4We're Making Chimps Smarter
When the Planet of the Apes scenario finally plays out for real (as all ape experts know it eventually will), we can't say we didn't see it coming.
After all, we know how natural selection works: The slow/stupid/weak animals don't live long enough to breed, so over time the species gets faster/smarter/stronger. So what happens if you take a fairly intelligent species (like chimpanzees) and artificially accelerate that process? Not with brain-enhancing drugs, but by simply rigging the system so that only the smartest of the smartest chimps survive?
"I know algebra. Just sayin'."
With that, let's go to Guinea, Africa, where hunters rely on snare traps for bush meat. Essentially, anything that is unfortunate enough to happen through the snares springs the traps and is forced to either wait for humans to wander along or else gnaw its own leg off. That is, until recently, when chimps learned to not only avoid the traps, but intentionally disarm them so nothing else can be caught.
It turns out that after long-time exposure to trapping techniques, chimps have isolated the most dangerous piece of any snare and figured out exactly how to dismantle it. How they figured it out is a mystery, because any chimp who "found" the trigger mechanism should have gotten trapped and killed as a result. One of the leading researchers studying the phenomenon noted, "The observations indicate that chimpanzees can learn some manners without trial and error."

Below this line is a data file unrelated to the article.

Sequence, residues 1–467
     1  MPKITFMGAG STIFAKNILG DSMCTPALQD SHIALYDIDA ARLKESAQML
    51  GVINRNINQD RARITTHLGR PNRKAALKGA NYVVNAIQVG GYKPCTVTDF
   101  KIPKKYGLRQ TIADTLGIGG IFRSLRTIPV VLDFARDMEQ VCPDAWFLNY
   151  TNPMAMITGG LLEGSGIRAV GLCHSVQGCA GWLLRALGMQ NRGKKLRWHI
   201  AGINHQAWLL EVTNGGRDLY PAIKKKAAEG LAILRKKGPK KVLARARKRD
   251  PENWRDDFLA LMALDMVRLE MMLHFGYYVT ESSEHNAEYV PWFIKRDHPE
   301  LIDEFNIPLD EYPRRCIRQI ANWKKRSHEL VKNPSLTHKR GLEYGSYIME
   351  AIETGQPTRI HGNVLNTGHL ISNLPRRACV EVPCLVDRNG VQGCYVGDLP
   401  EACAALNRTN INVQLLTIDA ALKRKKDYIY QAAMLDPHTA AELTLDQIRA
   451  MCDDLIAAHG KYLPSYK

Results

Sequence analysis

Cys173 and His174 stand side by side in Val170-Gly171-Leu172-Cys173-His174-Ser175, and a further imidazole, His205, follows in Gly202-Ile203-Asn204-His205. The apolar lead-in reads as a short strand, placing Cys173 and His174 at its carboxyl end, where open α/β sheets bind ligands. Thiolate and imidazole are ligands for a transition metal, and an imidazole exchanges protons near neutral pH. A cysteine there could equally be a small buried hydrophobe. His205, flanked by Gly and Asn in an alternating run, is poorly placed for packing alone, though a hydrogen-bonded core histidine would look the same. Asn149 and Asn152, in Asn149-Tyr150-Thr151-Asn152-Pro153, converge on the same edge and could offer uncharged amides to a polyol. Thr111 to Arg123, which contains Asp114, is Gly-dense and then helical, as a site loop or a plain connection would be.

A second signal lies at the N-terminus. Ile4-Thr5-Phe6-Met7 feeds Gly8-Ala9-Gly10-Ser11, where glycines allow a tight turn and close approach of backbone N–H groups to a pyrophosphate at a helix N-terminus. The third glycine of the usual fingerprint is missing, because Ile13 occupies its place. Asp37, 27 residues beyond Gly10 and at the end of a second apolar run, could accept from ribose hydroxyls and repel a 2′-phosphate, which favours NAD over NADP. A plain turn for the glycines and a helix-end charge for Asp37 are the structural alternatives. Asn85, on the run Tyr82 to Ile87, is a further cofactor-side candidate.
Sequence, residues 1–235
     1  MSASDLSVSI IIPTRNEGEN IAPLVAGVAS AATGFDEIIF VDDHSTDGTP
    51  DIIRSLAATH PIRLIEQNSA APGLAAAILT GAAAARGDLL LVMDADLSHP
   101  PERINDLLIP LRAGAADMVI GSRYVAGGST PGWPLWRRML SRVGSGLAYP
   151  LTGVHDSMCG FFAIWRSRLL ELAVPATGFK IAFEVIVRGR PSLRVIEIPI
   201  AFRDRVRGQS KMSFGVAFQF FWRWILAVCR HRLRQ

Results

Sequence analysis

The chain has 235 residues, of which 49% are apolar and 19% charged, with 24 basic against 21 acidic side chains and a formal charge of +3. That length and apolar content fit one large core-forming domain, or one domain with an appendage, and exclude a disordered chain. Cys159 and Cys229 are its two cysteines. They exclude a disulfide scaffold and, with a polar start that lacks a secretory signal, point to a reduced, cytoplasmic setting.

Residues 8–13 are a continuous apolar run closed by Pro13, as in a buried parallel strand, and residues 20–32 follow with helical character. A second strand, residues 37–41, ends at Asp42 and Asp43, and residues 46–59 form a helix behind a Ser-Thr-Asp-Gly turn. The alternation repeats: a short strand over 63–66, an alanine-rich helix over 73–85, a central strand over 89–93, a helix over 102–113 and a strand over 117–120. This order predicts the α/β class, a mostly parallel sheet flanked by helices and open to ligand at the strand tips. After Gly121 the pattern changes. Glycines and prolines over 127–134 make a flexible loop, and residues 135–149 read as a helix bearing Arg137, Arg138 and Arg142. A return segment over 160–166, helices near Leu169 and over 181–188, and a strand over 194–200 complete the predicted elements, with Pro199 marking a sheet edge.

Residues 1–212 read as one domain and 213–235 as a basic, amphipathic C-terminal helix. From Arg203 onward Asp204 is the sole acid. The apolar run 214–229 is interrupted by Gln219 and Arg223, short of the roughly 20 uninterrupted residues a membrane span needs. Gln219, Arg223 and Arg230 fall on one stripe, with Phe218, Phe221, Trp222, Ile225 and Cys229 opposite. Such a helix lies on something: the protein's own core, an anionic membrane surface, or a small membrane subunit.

"Look at that dumbass. As soon as he leaves, I'm going to make that thing trap my shit."
That's a cognitive ability no one knew chimpanzees were capable of, which is a valuable new discovery about their brain functions. In addition, they have even been spotted teaching younger chimps exactly how to sabotage the things. Just think about that for a moment: These chimps not only are actively looking after one another and other species, but they're also training special chimp bomb squads.
3Toxic Waste Is Turning Birds Gay
The ibis bird lives in marshes, which as you can guess are areas characterized by massive amounts of freestanding water. Unfortunately, a lot of that water is polluted with toxic runoff from mines and burning coal, which includes chemicals like mercury. We've known for a long time the dangers for the development of wildlife when they are exposed to large amounts of mercury, but then came a twist no one saw coming.
While scientists were concerning themselves with the effect of mercury on local fish populations, they noticed a startling number of male birds in the same habitat boning each other.
Seeing as the latter was far more interesting, they did an experiment. They subjected a group of ibis birds to the same amount of mercury they would ordinarily get from their diet in the wetlands, and they found that the more mercury a male bird ingested, the more likely he was to pair with another male. This turned out to be because mercury caused testosterone levels to plummet.
"Pfft. The only mercury we're concerned with is of the Freddie variety."
This naturally affects the birds' reproduction rates, and the newly gay males have all but given up on any of the usual courtship rituals, which is exactly one of the luxuries men joke about when they say how easy it would be to just date their guy friends. The difference is, these birds actually have the courage to go through with it. The courage, and also massive amounts of mercury.
"Suddenly I care that it's after Labor Day."